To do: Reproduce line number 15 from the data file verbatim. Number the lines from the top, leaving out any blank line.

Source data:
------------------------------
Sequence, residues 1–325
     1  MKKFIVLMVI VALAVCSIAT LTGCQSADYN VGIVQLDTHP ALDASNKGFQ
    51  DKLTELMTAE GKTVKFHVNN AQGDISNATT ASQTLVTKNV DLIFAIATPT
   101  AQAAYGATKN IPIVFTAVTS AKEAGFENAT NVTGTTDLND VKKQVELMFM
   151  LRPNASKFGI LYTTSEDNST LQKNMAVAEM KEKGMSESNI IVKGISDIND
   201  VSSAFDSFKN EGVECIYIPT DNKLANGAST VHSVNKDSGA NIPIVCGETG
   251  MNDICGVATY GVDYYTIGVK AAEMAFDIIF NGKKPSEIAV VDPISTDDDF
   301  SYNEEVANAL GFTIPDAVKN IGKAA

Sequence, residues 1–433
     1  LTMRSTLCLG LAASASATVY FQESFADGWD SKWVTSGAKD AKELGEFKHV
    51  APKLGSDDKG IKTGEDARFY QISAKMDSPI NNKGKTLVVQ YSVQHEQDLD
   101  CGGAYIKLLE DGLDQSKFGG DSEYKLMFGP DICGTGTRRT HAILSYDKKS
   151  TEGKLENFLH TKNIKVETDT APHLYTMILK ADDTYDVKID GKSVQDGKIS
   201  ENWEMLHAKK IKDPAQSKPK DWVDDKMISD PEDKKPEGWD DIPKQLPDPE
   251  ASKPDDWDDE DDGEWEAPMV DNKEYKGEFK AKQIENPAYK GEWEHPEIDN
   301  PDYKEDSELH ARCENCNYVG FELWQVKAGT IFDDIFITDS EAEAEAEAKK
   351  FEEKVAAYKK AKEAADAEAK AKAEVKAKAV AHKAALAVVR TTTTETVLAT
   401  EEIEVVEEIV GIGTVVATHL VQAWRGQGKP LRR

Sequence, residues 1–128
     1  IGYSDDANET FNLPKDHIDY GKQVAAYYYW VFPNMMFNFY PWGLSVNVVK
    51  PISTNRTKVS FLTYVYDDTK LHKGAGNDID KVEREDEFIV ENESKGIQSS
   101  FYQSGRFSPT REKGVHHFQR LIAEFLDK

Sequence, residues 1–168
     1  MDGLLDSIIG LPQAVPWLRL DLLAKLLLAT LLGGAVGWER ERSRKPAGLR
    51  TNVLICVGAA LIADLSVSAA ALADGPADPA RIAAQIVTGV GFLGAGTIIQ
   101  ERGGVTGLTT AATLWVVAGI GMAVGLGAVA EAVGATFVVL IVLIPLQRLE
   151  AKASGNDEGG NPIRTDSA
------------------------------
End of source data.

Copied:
   251  ASKPDDWDDE DDGEWEAPMV DNKEYKGEFK AKQIENPAYK GEWEHPEIDN